Signs at Detroit’s Frederick Douglass Academy encouraged social distancing.
Photo by Franz Knight
Signs at Detroit’s Frederick Douglass Academy encouraged social distancing. Photo by Franz Knight

Secretary of State Jocelyn Benson called the August primary “momentous.” Here’s why she said it served as a preview for the Presidential election in November.

MICHIGAN — Michigan’s Tuesday primary election is on track to set records yet again, and despite the overall volume of votes cast, the state expects to have those votes counted relatively quickly. 

Things were even more dramatically successful in Genesee County, where only counting absentee and early votes on Friday, the county posted a 60% voter turnout. That compares to a normal turnout in an August primary of only 15%, explained John Gleason from the Genesee County Clerk’s office. 

“This is empirical evidence that if we give people the right way to vote, they’ll vote,” Gleason told The ‘Gander. “This really validates mail elections. How can you say mail-in voting doesn’t work?” 

As for how long it will take to count the votes, state and county officials are optimistic that results will be settled by Wednesday night. 

“I would estimate based on the efficiency we’ve seen today,” Secretary of State Jocelyn Benson told reporters shortly before polls closed Tuesday, “that many places may finish by midnight, many places may finish by midday tomorrow and my hope is that by late in the day tomorrow we’ll have most results reported.”

Kalamazoo County, in particular, set a goal of having their unofficial report completed by 1 a.m. Wednesday, said Sarah Joshi with the Kalamazoo County Clerk’s office. 

“It’s just volume,” she told The ‘Gander. “It’s just more work for these absentee voter counting boards. They’ve had to beef up their staffs in the local jurisdictions.”

By 3 a.m. Wednesday all 107 precincts in Kalamazoo County had reported preliminary results. Not all absentee ballots had been counted, however.

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And while the county overall had a lower rate of absentee ballots being sent back in, that didn’t mean they weren’t filled out. Joshi explained that ballots dropped off on election day get counted as election day voters, and so show up in records as absentee ballots that never got cast.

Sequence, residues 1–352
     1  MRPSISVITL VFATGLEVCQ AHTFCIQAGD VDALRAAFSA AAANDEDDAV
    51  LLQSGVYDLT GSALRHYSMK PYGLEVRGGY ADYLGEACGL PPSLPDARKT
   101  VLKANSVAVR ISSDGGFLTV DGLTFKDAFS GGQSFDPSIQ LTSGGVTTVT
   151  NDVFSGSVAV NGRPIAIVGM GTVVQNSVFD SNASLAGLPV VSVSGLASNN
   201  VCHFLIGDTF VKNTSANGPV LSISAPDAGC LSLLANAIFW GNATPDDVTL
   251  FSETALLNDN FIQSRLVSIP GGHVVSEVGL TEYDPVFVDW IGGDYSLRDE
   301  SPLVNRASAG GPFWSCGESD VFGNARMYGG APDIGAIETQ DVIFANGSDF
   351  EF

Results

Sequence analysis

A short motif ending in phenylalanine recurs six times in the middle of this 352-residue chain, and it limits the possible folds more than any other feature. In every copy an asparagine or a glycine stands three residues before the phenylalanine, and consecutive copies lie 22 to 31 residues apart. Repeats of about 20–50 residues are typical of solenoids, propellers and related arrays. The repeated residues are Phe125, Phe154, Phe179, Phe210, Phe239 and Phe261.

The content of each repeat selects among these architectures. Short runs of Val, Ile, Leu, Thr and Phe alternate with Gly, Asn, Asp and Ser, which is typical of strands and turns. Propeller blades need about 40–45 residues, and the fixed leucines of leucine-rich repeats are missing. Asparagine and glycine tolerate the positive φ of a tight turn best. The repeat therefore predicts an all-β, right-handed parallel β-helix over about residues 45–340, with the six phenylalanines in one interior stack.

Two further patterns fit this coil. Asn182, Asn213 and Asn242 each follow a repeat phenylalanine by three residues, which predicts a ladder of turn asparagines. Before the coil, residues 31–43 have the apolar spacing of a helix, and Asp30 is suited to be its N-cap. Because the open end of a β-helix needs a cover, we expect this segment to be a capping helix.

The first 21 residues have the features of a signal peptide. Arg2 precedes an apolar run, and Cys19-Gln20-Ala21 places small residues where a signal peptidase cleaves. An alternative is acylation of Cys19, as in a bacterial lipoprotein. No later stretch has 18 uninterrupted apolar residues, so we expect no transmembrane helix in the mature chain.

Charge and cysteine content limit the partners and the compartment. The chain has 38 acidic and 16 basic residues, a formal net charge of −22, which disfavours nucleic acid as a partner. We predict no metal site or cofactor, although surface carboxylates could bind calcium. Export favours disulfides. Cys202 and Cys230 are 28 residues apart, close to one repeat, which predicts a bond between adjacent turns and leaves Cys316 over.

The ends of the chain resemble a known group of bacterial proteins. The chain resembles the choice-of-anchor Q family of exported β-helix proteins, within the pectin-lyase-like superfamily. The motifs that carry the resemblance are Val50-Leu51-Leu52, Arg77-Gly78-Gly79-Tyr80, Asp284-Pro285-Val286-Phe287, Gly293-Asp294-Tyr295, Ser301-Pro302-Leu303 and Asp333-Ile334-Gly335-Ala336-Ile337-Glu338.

“What some of the locals are finding is people are bringing their absentee ballots into the precinct, then they get counted as election-day voters,” Joshi explained. “People are bringing their absentee ballots back into the precinct either because they’ve changed their mind about something or they’ve made a mistake or they just felt more secure with the process.”

Even so, Joshi said that several townships in Kalamazoo County, including Oshtemo and Kalamazoo Townships, had seen more votes by absentee collected before polls opened than voted at all in the last August primary.

Since the novel coronavirus took root in the state, Benson and Gov. Gretchen Whitmer have been mailing all registered voters applications for absentee ballots. The turnout in the following May municipal elections in communities across the state shattered previous records, The ‘Gander reported. This year is also the first election cycle Michigan voters could cast ballots by mail without providing a reason, part of a slate of voter access reforms passed by ballot initiative in 2018.

“It’s really been a momentous election day and a preview of what we can expect in November,” Benson told reporters. “What we saw was enormously high turnout, a lot of people voting by mail, people still choosing to vote in person … things went smoothly, we had precincts staffed around the state with the 6,000 extra volunteers we recruited over the last six months.”

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But that preview for November comes with challenges that Benson and clerks will need to overcome. Those include the time it takes to process such a large number of ballots, the risks seen by other states posed by long lines during a pandemic and the fallibility of the postal service during these uncertain times. 

“I am extremely pleased with how things went today,” Benson said. “The biggest uncertainty that’s still evolving, of course, is the postal service.”

Benson explained that the postal service is overwhelmed and underfunded during the pandemic leading to sizable backlogs. With any ballot received after polls close being invalidated, that unreliability risks disenfranchising thousands of Michiganders. To counter this, Benson is deploying more drop boxes to collect ballots across the state.

This article has been updated to reflect progress counting votes.